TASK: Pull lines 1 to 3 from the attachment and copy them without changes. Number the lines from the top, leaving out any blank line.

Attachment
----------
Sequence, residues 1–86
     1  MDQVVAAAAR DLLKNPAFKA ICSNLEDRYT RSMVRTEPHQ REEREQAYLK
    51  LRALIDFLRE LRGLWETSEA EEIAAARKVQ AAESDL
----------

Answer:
Sequence, residues 1–86
     1  MDQVVAAAAR DLLKNPAFKA ICSNLEDRYT RSMVRTEPHQ REEREQAYLK
    51  LRALIDFLRE LRGLWETSEA EEIAAARKVQ AAESDL